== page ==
Start with a lesser habit you want to release to get this process going. To learn to rewire your habits, a great way to start is by picking something that is not the end of the world, so to speak. For example, let’s say that you want to let go of your smoking habit and get into the habit of washing the dishes before bed. Start with the dishes!
In reality, it’s great to start off with a good experience and not feel overwhelmed, or you may give up. So, start by focusing on a minor bad habit and begin the process can begin immediately. AND Cut yourself some slack and be good to yourself as you write history!
4) Identify The Reward
The key to breaking a bad habit is first identifying what reward you might be looking for when the habit is triggered. In general, you will do things because there is some perceived benefit.
For example, you have a habit of eating junk food. Underneath this Habit is anxiety, and when you eat junk food, the stress goes away. If you start to understand the reward you’re getting, it will help you to find replacement behaviors they can become, new and healthy habits.
5) Find An Alternative Behaviour
Once you have identified the trigger and reward that prompts you to act on the trigger, you can better understand how to change your behavior.
For example, if the reward you seek is to stop eating junk food, start a new habit of keeping some healthy snacks with you, in your car, car, at work, etc.
6) Become More Aware Of What Triggers Your Bad Habit
As shown in the graph above, several steps occur with any habit: Trigger-Behaviour-Benefit. By understanding the various stages, it will help you to look for ways to effectively make changes.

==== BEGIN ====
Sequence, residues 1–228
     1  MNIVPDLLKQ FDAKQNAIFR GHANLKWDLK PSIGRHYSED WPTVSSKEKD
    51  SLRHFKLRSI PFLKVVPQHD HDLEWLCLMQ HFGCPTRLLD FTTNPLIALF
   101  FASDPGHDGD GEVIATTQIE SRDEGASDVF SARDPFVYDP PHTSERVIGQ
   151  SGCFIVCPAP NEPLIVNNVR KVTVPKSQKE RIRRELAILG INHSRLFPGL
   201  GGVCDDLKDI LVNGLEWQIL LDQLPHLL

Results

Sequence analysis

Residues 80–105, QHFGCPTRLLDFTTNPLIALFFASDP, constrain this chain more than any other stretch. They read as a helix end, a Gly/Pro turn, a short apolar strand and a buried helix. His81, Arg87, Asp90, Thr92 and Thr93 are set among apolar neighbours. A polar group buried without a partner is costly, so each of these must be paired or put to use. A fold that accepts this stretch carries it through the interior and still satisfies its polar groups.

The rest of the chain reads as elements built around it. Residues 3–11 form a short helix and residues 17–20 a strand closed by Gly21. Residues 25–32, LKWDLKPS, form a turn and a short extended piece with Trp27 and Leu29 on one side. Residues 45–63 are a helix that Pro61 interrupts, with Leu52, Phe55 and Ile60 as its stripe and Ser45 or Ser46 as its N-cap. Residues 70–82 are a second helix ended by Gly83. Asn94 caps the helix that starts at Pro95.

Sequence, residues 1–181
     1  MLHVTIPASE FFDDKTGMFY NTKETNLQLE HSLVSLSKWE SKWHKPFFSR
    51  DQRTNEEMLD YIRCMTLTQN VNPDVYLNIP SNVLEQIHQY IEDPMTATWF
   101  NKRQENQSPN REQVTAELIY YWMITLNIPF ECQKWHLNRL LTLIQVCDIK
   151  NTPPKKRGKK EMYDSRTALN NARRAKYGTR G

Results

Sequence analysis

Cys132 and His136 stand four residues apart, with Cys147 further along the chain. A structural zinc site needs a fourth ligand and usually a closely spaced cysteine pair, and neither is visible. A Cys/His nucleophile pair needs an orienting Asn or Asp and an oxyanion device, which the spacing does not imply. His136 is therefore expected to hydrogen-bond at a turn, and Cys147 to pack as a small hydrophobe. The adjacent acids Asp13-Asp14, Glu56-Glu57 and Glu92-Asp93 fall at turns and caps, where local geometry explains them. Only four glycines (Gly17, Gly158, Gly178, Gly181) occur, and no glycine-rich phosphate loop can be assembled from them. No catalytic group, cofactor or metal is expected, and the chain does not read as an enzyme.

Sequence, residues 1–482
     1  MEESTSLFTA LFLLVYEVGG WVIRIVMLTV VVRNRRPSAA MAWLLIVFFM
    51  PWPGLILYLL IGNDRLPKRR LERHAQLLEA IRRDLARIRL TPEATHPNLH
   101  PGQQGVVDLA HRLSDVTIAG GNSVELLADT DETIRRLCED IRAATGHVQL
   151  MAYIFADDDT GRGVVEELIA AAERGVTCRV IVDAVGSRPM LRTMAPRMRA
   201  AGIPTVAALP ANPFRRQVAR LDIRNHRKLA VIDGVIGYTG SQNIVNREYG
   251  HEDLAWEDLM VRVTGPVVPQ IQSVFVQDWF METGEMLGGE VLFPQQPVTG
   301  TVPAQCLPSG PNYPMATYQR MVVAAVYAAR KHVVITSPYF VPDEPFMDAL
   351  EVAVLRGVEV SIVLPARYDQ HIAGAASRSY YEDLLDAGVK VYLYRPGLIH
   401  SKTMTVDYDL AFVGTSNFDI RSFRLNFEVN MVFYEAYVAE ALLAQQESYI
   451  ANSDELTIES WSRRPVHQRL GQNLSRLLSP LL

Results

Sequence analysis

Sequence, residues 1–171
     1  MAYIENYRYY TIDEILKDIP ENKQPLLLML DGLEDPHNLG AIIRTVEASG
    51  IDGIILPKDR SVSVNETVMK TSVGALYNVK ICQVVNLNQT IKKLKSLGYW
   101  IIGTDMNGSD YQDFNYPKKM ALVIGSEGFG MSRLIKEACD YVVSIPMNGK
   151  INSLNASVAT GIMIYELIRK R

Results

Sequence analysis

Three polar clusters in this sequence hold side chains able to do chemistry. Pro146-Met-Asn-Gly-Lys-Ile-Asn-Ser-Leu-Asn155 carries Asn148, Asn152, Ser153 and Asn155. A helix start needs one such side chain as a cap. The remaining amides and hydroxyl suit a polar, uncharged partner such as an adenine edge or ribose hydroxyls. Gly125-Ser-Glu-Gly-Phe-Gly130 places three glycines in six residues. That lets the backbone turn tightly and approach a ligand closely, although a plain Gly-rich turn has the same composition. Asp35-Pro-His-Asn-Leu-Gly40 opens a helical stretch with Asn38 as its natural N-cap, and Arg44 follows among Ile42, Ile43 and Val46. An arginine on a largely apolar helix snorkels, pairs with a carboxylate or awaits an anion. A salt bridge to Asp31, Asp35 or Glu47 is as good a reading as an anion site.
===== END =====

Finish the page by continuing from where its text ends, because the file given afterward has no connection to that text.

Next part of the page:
A great place to start is what triggers you. Often, this is an unconscious reaction and may take you a little while to figure out what initiates the behavior.
Habits can be initiated quickly and usually unconsciously. Begin to observe and look for what triggers the Habit you want to replace.
7. Use a Journal
Examining your bad Habit(s) can help a great deal if you begin to create a journal. This will help you to see patterns that may be below conscious thought. Observe and take notes on what causes you to want to indulge in the Habit and the feelings you experience.
Make a commitment to observe your bad Habit(s) and record your triggers, the behavior, and what you get from your actions, preferably for a few weeks. The more data you have, the better. Also, start to look for the motivation behind the habit look for both positive and negative inspiration.
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8) Remind Yourself
In the beginning, sometimes it can be hard to keep up motivation. Find ways of reminding yourself why you trying to change the Habit. This will help you in times when your motivation is waning. Put notes around the house etc., to remind yourself.
9) Make Notes of the “Pain” You Are Causing Yourself by indulging In Your Bad Habit
For the most part, people are motivated by two things: moving towards pleasure or away from pain. In general, moving away from pain will encourage more people. Take advantage of this. Identify painful associations for your harmful Habit. For example, if you don’t exercise and are now overweight, establish negative consequences for not exercising. For instance, if I don’t exercise, I will “fast” 24 hours, etc.